But that reluctance to follow the likes of Garmin in integrating GPS for runners doesn't mean the company isn't innovating with sensors. The Charge 2 harnesses VO2 Max and heart rate variability (HRV) to monitor stress, and Park says this is just the beginning.

"It's the start of our focus on how sensors can be applied to wellness. HRV, which is what the Relax app is based on, is a new metric for us which took a lot of algorithmic development," Park explained.

"What I can say is that future sensors we develop will unlock more wellness and stress management functionality. We have a good idea of where sensors and machine learning technologies are heading."

Tracking women

While most people would think that the fitness trackers are a new fad, Park has spent nearly 10 years at the helm of Fitbit. We asked how he felt the industry had changed.

"What we're finding is that there's no one-size-fits-all, so that's one of the biggest changes we've seen," Park said. "Consumers have got more sophisticated, and so we have had to broaden our own line-up of products."

Another big change is how important women embracing wearable tech has become. Park believes that Fitbit is one of the few tech companies "with a heavy female interest", which he believes is a big opportunity, with the company "doubling the market".

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"You can tell by how heavily we've focused on the accessories strategy. So if you look at Flex 2 which just came out, there's a lot of focus on accessories and partnerships with fashion brands Tory Burch and Vera Wang."

Collaborations and fashion partnerships have been a big focus for Fitbit, and Park told us that he hasn't had to work that hard to get fashion brands involved.

"The very first time was Tory Burch," he said. "It was her team that reached out to us, because many of her staff were avid Fitbit users. So they saw the opportunity to develop accessories when we announced [the Fitbit Flex] and it was hugely successful. The accessories sold out within hours, we got approached by other fashion brands and that really opened the floodgates for us."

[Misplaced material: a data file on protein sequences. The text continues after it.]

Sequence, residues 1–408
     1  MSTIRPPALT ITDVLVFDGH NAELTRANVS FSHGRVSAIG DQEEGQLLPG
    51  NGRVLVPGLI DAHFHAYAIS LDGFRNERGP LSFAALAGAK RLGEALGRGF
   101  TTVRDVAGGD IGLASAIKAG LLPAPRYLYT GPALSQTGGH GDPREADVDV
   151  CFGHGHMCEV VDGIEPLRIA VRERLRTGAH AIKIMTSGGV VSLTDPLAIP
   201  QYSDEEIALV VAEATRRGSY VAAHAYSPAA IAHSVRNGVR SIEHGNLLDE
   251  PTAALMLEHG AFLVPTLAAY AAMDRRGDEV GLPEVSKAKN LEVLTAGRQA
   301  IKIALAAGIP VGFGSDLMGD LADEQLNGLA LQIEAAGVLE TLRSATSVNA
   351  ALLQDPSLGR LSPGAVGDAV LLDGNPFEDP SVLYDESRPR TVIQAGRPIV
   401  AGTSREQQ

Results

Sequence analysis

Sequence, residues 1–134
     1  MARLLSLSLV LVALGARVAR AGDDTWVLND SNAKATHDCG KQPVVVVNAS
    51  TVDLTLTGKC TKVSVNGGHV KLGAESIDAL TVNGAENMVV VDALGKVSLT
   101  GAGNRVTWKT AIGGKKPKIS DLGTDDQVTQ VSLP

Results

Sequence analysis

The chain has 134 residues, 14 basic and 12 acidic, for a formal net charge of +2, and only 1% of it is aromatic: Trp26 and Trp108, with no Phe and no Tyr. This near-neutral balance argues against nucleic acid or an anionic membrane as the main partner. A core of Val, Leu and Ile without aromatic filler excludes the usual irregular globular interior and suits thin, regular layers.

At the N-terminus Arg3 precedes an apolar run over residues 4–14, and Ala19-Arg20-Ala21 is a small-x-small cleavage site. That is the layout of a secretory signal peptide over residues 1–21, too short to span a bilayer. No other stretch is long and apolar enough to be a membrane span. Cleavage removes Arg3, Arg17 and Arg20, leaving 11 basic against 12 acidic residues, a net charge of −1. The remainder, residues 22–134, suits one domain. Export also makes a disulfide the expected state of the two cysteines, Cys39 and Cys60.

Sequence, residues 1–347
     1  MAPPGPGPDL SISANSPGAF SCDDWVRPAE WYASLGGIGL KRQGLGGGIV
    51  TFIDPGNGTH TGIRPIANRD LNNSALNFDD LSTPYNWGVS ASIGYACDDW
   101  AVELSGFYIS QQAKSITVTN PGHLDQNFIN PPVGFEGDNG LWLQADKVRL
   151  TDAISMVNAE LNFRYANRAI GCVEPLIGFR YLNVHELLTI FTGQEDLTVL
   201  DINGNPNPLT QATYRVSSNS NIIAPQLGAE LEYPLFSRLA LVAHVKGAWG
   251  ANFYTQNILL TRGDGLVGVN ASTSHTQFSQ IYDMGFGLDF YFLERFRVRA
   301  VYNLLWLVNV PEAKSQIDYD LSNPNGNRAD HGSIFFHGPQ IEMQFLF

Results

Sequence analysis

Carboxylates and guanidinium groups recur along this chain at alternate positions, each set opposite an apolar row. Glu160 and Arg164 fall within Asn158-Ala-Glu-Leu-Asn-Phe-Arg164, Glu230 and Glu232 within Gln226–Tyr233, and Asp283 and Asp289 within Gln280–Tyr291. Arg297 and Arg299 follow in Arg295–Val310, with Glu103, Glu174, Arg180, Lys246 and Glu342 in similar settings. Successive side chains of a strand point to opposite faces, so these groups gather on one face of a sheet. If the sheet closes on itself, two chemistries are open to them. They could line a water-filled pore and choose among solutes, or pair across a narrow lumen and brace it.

The future of Fitbit

Every forecast and industry analyst seems to predict fitness trackers being absorbed by smartwatches. Yet while the smartwatch has yet to catch on, fitness trackers seem to be going from strength to strength. And Park believes the company is going to have to become more than just a fitness tracking company in the future:

"I think it will be difficult to call the market in five years fitness trackers or smartwatches, or whatever industry experts want to characterise it. Fitbit will always be health and fitness focussed first. But I do see a lot of general purpose functionality being weaved into the experience over time, so you can't see general purpose devices vs fitness tracking devices. They're going to look pretty similar," he said.


Yet Park's vision for the company is more data, more sensors and more analysis: "We want to be integrated with healthcare systems around the world. And I think these devices with more sophisticated sensors really have the chance to impact people's health outcomes.

"In 2020 Fitbit should be like seatbelts and airbags in automotive technology today. You'd be crazy to buy a car without one, and one of the goals of Fitbit would be to say 'hey, it's crazy to leave your house without a Fitbit because it could literally save your life.'"

And while Park and his company may have changed the face of wearable tech, he says that complacency won't be its undoing.

"We still have dominant market share, but even where there's no competition, we still have a healthy sense of internal paranoia, so we're not going to slacken off."